(COMMERCIAL BREAK)

(BEGIN VIDEO CLIP)

DANIEL GOLDMAN, ATTORNEY, HOUSE PERMANENT SELECT COMMITTEE ON INTELLIGENCE:  Colonel Vindman, what languages do you speak?

LT. COL. ALEXANDER VINDMAN, DIRECTOR, EUROPEAN AFFAIRS FOR THE UNITED STATES:  I speak Russian and Ukrainian and a little bit of English.

(END VIDEO CLIP)

WILLIAMS:  Next month marks 40 years since Lieutenant Colonel Alexander S. Vindman and his family came to the United States as Jewish refugees fleeing the Soviet Union.  While children living in Brighton Beach, Brooklyn, he and his twin brother made an appearance in a 1985 Ken Burns documentary about the Statue of Liberty and immigrants in our country.

(BEGIN VIDEO CLIP)

UNIDENTIFIED MALE: We came from Russia.

UNIDENTIFIED MALE:  We came from Kiev.  And then we went to --

UNIDENTIFIED MALE:  Our mother died so we went to Italy.  Then we came here.

(END VIDEO CLIP)

WILLIAMS:  When reached by NewsDay, Ken Burns said he doesn`t know which brother is which.  Lieutenant Colonel Vindman`s twin brother is also now an active duty U.S. Army Lieutenant Colonel, if you can believe it.  The brothers work together in the White House.  Besides becoming a decorated officer in the U.S. Army, Lieutenant Colonel Vindman, today`s witness, earned a master`s degree from Harvard and served in the U.S. embassies in Ukraine and Russia.

When asked what Vindman represents today, Ken Burns told NewsDay, "I think he just represents the continuation of the American dream".  In today`s hearing, New York Congressman Sean Patrick Maloney asked the Lieutenant Colonel to reread a portion of his opening statement.

(BEGIN VIDEO CLIP)

VINDMAN:  Dad, my sitting here today in the U.S. Capitol talking to our elected officials is proof that you made the right decision 40 years ago to leave the Soviet Union and come here to the United States of America in search of a better life for our family.  Do not worry, I`ll be fine for telling the truth.

REP. PATRICK MALONEY (D), NEW YORK:  You realize when you came forward out of sense of duty, that you were putting yourself in direct opposition to the most powerful person in the world.  Do you realize that, sir?

VINDMAN:  I knew I was assuming a lot of risk.

MALONEY:  And I`m struck by the word, don`t worry -- that phrase, do not worry, you addressed to your dad.  Was your dad a warrior?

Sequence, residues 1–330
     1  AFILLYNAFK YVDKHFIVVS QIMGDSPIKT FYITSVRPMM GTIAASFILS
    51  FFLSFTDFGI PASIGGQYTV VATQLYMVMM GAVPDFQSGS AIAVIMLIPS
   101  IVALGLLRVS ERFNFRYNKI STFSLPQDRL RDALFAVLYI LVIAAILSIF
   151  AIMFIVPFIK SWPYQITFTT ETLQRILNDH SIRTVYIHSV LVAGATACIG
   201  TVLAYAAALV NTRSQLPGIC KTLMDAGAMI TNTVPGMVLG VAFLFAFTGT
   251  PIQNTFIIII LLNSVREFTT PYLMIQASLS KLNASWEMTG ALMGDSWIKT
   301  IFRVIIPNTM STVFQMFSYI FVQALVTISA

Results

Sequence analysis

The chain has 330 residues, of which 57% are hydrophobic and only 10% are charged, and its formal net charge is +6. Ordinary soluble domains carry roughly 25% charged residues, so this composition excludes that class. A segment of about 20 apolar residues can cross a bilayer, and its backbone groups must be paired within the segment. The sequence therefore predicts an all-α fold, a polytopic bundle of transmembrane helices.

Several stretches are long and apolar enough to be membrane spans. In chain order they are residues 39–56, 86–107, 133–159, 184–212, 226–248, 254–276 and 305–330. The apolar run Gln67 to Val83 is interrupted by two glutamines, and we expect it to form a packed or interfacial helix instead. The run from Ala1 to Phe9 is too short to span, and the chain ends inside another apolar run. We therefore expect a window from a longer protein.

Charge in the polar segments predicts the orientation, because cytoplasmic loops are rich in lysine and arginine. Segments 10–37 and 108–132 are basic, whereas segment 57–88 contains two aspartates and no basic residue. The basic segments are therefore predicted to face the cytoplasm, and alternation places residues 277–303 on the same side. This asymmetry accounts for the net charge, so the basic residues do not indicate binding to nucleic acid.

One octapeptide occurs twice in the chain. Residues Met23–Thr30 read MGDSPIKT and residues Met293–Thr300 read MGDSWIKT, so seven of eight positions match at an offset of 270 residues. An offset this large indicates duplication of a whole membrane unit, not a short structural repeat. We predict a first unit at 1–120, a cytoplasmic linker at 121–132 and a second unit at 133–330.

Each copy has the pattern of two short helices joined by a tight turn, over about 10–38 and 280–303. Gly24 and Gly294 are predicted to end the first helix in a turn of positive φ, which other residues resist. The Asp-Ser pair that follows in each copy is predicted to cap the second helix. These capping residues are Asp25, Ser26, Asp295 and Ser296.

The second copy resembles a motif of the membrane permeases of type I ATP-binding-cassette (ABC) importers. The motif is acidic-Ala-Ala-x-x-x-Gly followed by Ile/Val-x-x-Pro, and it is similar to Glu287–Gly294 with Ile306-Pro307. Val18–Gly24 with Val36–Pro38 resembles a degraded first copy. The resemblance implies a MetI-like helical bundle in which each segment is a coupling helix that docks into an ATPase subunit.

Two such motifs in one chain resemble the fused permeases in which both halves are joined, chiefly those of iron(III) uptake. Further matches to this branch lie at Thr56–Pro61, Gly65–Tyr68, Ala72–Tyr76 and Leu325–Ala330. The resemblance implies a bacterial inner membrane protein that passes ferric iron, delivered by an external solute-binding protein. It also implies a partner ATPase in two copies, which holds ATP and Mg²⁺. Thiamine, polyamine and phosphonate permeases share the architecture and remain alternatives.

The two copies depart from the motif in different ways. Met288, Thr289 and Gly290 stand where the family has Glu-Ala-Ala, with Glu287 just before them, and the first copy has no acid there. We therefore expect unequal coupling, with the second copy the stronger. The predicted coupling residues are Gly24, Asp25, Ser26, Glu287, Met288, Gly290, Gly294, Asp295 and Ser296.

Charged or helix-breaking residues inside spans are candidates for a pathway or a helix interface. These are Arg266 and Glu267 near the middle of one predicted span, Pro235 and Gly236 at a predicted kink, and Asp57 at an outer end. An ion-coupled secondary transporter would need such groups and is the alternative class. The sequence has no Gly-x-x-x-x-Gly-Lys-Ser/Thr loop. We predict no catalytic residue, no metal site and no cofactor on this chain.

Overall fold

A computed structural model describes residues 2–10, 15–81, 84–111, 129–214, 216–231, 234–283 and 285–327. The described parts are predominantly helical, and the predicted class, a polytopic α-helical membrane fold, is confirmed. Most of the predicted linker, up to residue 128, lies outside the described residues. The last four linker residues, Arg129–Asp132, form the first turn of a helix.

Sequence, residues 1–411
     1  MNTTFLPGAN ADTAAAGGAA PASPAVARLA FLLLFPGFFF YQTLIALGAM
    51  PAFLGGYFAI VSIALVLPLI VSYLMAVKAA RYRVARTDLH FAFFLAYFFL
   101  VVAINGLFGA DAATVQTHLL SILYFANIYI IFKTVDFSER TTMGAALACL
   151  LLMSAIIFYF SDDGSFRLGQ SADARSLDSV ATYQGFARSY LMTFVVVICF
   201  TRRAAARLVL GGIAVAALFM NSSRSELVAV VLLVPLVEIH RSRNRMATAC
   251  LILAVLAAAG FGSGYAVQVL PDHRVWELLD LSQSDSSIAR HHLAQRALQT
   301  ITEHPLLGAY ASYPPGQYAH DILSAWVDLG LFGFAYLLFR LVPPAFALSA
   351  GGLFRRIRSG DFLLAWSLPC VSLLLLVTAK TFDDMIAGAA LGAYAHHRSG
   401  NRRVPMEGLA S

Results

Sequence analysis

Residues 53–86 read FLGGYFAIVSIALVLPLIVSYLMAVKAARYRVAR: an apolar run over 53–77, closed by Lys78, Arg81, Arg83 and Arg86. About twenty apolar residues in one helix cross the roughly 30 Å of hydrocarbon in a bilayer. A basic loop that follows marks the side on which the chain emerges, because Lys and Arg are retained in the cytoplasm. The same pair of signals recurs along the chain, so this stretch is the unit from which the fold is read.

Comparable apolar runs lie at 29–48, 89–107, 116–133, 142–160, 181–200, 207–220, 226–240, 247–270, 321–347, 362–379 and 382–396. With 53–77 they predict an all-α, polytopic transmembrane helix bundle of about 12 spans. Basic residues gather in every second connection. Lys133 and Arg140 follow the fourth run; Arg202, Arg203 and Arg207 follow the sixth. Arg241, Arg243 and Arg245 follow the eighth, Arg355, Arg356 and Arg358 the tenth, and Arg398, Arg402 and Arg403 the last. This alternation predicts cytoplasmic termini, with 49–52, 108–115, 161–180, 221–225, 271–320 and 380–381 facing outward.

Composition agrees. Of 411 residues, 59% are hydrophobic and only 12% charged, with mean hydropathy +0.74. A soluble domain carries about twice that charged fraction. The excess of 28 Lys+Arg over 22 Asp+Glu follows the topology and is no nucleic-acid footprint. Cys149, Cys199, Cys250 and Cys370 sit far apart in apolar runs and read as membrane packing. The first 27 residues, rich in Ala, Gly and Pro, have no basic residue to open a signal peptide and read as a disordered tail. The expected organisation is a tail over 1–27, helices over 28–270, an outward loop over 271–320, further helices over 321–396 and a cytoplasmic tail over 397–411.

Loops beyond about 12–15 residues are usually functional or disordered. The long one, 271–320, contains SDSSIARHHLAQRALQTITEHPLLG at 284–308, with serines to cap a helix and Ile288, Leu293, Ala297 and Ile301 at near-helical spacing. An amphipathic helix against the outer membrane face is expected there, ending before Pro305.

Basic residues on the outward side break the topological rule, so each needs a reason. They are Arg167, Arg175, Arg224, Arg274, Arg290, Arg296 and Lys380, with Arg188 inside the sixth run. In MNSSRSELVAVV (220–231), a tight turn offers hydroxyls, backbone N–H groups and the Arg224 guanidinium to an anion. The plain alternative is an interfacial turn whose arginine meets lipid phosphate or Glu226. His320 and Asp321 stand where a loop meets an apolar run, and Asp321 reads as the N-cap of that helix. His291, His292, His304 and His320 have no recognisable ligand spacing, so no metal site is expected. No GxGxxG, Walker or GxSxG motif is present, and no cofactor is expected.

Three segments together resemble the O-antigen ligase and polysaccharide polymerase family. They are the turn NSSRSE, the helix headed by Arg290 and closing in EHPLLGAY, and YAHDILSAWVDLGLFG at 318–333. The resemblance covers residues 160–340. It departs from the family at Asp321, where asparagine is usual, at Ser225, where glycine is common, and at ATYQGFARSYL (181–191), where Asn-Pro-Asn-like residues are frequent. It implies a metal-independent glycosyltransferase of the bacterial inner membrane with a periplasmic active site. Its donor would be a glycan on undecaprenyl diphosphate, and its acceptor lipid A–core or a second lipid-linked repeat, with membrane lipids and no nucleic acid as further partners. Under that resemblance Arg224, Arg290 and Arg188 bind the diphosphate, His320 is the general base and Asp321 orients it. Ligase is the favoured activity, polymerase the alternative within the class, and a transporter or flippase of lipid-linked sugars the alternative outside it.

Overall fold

VINDMAN:  He did serve.  It was a different military though.

MALONEY:  And he would worried if you were putting yourself up against the President of the United States, is that right?

VINDMAN:  He deeply worried about it because in his context, there was the ultimate risk.

MALONEY:  And why do you have confidence that you can do that and tell your dad not to worry?

VINDMAN:  Congressman, because this is America.  This is the country I`ve served and defended, that all my brothers have served, and here, right matters.

MALONEY:  Thank you, sir.  Yield back.

(END VIDEO CLIP)

WILLIAMS:  On that note, we`ll take another break.  And coming up, what Lieutenant Colonel Vindman chose to wear to the hearing today.  That became a topic of conversation and even glancing ridicule.  We`ll ask a Retired Four Star U.S. Army General what he made of it all.

(COMMERCIAL BREAK)

(BEGIN VIDEO CLIP)

REP. DEVIN NUNES (R), CALIFORNIA:  Mr. Vindman, you testified in your deposition that you did not know the whistleblower.

VINDMAN:  Ranking Member, it`s Lieutenant Colonel Vindman, please.

(END VIDEO CLIP)

WILLIAMS:  During today`s hearing, Republican Congressman and Air Force Veteran Chris Stewart of Utah went on to ask Lieutenant Colonel Vindman about that exchange with Congressman Nunes.

(BEGIN VIDEO CLIP)

REP. CHRIS STEWART (R), UTAH, INTELLIGENCE COMMITTEE:  Lieutenant Colonel Vindman, I see you`re wearing your dress uniform.  Knowing that`s not the uniform of the day, do you normally wear a suit to the White House?  I think it`s a great reminder of your military service.  I, too, come from my military family.  These are my father`s Air Force wings.  He was a pilot in World War II.  Five of his son served in the military.

So as one military family to another, thank you and your brothers for your service.  Your example here -- Very quickly, I`m curious, when Ranking Member Nunes referred you as Mr. Vindman, you quickly corrected him and wanted to be called Lieutenant Colonel Vindman.  Do you always insist on civilians calling you by your rank?

VINDMAN:  Mr. Stewart, Representative Stewart, I`m in uniform.  I`m wearing my military rank.  I just thought it was appropriate to stick with that.